Chef Kelly Unger
Apples & Pawpaws
For me, apples epitomize Fall. Long before the leaves put on their annual show of color, apples arrive quietly on scene to whisper, Fall is coming. Say goodbye to melons and berries, Fall is truly on the way.
Apples are anti-inflammatory, will cleanse your colon and can help rid your body of toxic heavy metals. The phytochemicals in red apples make them brain food and all apples are hydrating. Red apples have the most health benefit of all apple varieties and are best eaten raw with the skin. Apples are both angiogenic and antiangiogenic, they protect your immune system as well as help your body regenerate cells. How many more reasons do you need to eat an apple a day. Truly this amazing super fruit will keep the doctor away.
When you bake with apples, try to use a natural, unprocessed sweetener like maple syrup or honey so that you don’t negate the apple’s anti-inflammatory nature. This week I'm sharing several recipe links for you. The first is Apple Desserts by Martha Stewart with recipes like: Apple Rose Tart, Apple Cider Donut Cake, and Almond and Apple Custard Tart. All of which are pure treat and not focused on health. But we all need a treat! The next collection of recipes is 55 Best Apple Recipes by Food Network . The standouts in this collection for me are: Caramel Apple Soft Pretzels, Apple Slaw with Apple Vinaigrette, Autumn Apple Sangria (because we all need a cocktail!), Cheesecake Stuffed Apples, Shredded Beet and Apple Salad (for something healthy!) and Cornbread Stuffed Baked Apples. Pawpaws are in season in September and may last into early October. Penn State Extension wrote a great article - Pawpaw Fruit in the Garden and the Kitchen by Penn State Extension. From the article: “Known primarily for its large, custard-like fruit, the pawpaw is also an attractive native plant for the landscape. The pawpaw is indigenous to eastern North America and, in its native habitat, grows in wooded areas as an understory tree. Pawpaws serve as host plants for zebra swallowtail butterflies.”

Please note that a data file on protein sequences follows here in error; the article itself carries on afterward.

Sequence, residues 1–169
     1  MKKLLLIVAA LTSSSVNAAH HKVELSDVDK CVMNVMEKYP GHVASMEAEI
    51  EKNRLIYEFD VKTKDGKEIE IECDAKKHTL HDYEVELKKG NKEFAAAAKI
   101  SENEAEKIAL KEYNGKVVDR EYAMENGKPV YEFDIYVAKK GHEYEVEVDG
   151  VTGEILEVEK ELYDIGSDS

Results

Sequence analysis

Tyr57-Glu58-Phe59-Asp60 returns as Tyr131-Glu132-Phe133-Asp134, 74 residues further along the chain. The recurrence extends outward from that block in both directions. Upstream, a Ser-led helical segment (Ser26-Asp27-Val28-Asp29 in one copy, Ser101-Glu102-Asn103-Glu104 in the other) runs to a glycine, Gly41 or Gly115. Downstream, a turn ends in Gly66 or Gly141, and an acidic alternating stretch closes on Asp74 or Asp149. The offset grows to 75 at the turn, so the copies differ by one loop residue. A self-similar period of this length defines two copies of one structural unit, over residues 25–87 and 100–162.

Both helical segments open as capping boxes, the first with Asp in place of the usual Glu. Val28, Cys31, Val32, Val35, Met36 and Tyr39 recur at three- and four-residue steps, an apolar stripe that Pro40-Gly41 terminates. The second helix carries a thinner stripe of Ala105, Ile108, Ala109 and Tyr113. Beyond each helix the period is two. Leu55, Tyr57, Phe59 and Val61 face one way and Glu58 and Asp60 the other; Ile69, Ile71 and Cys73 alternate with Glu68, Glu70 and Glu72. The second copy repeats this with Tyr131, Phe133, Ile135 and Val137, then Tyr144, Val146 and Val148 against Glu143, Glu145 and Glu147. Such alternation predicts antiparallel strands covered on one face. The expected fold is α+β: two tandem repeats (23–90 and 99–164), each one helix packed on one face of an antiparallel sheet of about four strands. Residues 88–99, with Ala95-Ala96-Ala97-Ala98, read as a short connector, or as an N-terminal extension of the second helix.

“The fruit has a creamy texture, and the flavor is described as a combination of banana with a hint of mango and pineapple. Pawpaws are very nutritious, rich in Vitamins C, B-6, riboflavin, niacin, folate, and thiamine, and contain minerals such as iron, potassium, magnesium, and phosphorus. To eat a pawpaw, gently rinse fruit under running water, slice it and scoop out the pulp, which has a custard-like texture. The seeds and skin should not be consumed.”
“The pulp can be used immediately or frozen for later use. To freeze, measure pulp and place in a freezer quality bag, labeled with the amount of pulp and the date. Remove as much air as possible from the bag. Use frozen pawpaws within one year. When ready to use, remove the bag with the amount needed for the recipe and thaw in the refrigerator. Pawpaws can be treated in the kitchen as you would bananas, pumpkins, or applesauce. Eat a pawpaw fresh and on its own. Bake it into quick breads and oatmeal bars by substituting pawpaws for bananas in your favorite recipe. Make ice cream, sorbet, or even a cocktail.” Additional pawpaw information and recipes can be found in these links:
Nutrition Information of Pawpaws from Kentucky State University
PawPaw Pudding Recipe from the New York TImes Cooking